contained within it. They, however, 32. Polycletus, the celebrated Grecian had not yet complied, but were secretly sculptor, among whose works one, re- arming themselves for an ambuscade. presenting the body-guard of the king of Meanwhile, their beloved wives and Persia, acquired such fame for excellence young children kept watch, standing as to be called “the Rule.”
above, and among them the men whom 33. With this description of the sculp- old age possessed. But they (the younger tures on the wall of Purgatory compare men) advanced ; but Mars was their that of the shield which Vulcan made leader, and Pallas Minerva, both golden, for Achilles, liad, XVIII. 484, Buck- and clad in golden dresses, beautiful and ley's Tr. :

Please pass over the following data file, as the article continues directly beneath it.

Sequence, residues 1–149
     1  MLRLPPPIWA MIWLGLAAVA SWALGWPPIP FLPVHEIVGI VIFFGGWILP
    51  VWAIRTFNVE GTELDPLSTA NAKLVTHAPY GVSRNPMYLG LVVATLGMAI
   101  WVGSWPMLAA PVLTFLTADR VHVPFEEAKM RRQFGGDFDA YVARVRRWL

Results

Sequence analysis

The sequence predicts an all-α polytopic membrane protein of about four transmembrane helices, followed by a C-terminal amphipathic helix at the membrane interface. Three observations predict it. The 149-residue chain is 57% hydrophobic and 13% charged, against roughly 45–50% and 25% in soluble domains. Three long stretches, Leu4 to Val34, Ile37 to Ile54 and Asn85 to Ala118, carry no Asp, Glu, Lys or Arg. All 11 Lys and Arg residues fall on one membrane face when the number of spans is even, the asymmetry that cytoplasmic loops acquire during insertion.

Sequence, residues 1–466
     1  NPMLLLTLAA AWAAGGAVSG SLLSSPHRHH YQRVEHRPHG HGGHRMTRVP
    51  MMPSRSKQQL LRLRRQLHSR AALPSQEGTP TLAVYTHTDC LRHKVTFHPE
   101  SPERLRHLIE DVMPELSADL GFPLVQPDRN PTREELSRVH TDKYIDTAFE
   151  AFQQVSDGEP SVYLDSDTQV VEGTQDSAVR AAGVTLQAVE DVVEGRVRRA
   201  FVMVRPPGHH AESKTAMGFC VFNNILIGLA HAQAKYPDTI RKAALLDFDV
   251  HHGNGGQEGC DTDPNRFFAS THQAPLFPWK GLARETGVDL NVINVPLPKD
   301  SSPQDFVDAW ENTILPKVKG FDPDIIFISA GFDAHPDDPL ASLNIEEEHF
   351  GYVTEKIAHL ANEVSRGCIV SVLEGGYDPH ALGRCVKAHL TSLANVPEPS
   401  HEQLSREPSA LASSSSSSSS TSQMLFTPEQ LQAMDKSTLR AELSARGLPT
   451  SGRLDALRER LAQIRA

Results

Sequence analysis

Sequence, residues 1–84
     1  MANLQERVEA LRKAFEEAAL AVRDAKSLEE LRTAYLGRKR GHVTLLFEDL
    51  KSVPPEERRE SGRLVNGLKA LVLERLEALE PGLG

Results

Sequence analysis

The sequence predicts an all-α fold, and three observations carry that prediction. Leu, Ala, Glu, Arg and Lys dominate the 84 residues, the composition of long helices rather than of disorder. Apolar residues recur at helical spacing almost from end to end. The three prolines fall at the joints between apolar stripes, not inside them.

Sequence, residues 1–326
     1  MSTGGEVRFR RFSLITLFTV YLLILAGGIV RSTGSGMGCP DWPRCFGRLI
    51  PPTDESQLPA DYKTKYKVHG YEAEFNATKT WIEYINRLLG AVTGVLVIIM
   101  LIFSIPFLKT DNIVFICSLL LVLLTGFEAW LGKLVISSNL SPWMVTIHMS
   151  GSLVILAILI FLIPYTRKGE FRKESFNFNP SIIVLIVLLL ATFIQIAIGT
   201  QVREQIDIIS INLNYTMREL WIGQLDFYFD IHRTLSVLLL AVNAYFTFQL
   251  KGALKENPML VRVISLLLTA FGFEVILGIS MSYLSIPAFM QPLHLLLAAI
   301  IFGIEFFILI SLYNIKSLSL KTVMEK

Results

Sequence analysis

large, along with their armour, radiant “On it he wrought the earth, and the all round, and indeed like gods; but the heaven, and the sea, the unwearied sun, people were of humbler size. But when and the full moon. On it also he repre. they now had reached a place where it sented all the constellations with which appeared fit to lay an ambuscade, by a the heaven is crowned, the Pleiades, the river, where there was a watering-place Hyades, and the strength of Orion, and for all sorts of cattle, there then they the Bear, which they also call by the settled, clad in shining steel. There, appellation of the Wain, which there re. apart from the people, sat two spies, volves, and watches Orion ; but it alone watching when they might perceive the is free from the baths of the ocean. sheep and crooked-horned oxen. These,